The summit addressed two sets of issues, one relating to banks and the other fiscal deficits. The meeting was hyped to become a battle between the European nations and the rest on whether or not Keynes was relevant. Keynes, as we know, had recommended governments spending their way out of trouble and this was what has been pursued relentlessly by all governments for the last two years. Now, after realising that some of the Euro nations had spent too much and built debt that could not be repaid, the G-20 has asked for governments to go back to the austerity path. Does this make sense
The answer from an impassioned point of view is that theoretically all policies have to be geared towards local conditions. Also, we need to understand whether or not nations have gotten out of the low equilibrium trap to actually contemplate such action. There cannot be a case of one-size-fitting-all, as countries that are still to emerge from the economic slowdown cannot keep governments on the sidelines and talk of fiscal targeting. Also, those that have surpluses on current accounts and low debt/GDP ratios cannot be bracketed with those that have operated on a different looking canvas. Therefore, Germany and other Euro nations cannot be bracketed with, say, the emerging economies.
The US, with a fiscal deficit of over 10%, has naturally opposed this move as it argued that more jobs and enhanced spending today was required for higher growth tomorrow. Also, the so-called cuts that have been espoused by the summit would also mean that the G-8 nations would have to renege on the development aid promised to some of the African nations. Further, developing nations, especially in Latin America, like Argentina and Brazil, fear a double whammy if this rule were appliedtheir domestic growth would slow down if they spent less and their export-dependent economy would receive another blow in case the US deflated its economy.
The general agreement was that all nations would cut back on their fiscal deficit to half the current levels in three years time, which would be 2013. This would be coupled with efforts to stabilise debt ratios by 2016. In this situation, the IMF is quite worried that after all that has been done so far through government expenditure, a sudden rollback through an exit policy could affect growth in income and employment across the world, and up to $2.25 trillion of output could be in jeopardy.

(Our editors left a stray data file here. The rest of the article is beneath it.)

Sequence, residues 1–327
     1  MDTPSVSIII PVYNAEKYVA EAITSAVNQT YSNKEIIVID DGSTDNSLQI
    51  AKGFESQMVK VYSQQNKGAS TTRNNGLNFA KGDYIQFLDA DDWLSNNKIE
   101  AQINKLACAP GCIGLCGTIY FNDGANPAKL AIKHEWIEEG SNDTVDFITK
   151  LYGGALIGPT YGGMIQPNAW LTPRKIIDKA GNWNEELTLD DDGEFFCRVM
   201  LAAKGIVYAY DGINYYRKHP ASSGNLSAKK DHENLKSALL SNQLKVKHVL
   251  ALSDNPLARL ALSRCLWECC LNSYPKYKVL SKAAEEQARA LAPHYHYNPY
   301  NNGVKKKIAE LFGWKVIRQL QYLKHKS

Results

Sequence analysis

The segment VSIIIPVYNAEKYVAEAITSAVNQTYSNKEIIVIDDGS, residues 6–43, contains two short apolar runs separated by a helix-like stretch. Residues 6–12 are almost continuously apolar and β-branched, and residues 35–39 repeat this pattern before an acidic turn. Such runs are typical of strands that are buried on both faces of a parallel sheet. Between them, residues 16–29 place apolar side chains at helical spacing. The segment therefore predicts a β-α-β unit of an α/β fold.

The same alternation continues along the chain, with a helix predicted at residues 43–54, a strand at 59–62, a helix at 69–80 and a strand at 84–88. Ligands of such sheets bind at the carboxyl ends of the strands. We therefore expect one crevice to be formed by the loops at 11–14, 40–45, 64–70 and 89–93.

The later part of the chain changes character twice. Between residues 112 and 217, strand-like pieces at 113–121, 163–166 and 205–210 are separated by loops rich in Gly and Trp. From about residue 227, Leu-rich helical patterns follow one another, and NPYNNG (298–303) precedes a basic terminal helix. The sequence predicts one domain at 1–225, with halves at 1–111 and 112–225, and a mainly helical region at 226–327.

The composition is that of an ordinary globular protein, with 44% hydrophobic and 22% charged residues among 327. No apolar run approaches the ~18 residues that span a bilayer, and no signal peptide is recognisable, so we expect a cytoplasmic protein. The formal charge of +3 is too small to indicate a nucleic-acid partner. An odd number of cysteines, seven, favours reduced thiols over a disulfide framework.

The IMF thought is significant because it brings to the fore the conundrum faced by countries like Greece. They have to cut back on debt and hence deficit and spending, and top it up with tax hikes. This would lead to a fall in output and employment. In such a case, how could these countries be in a position to repay the debt that has built up Therefore, such sudden drastic fiscal cuts at this stage could be inimical for them.
The debate on a bank tax was also expected to lead to an impasse. While the idea of keeping banks under check cannot be debated, the route chosen did not have a majority view. In the aftermath of the financial crisis, it was proposed that banks should pay a tax that would form a fund and would then be used to assist failed institutions. The debate was on why all banks should pay for something that they would never use. Hence, a bank tax was not accepted and countries were allowed to choose their options unilaterally in the absence of a consensus. On the contrary, it has been suggested that the capital norms be strengthened even further to ensure that sufficient buffers are built when there is a crisis.
The author is chief economist, CARE ratings. Views are personal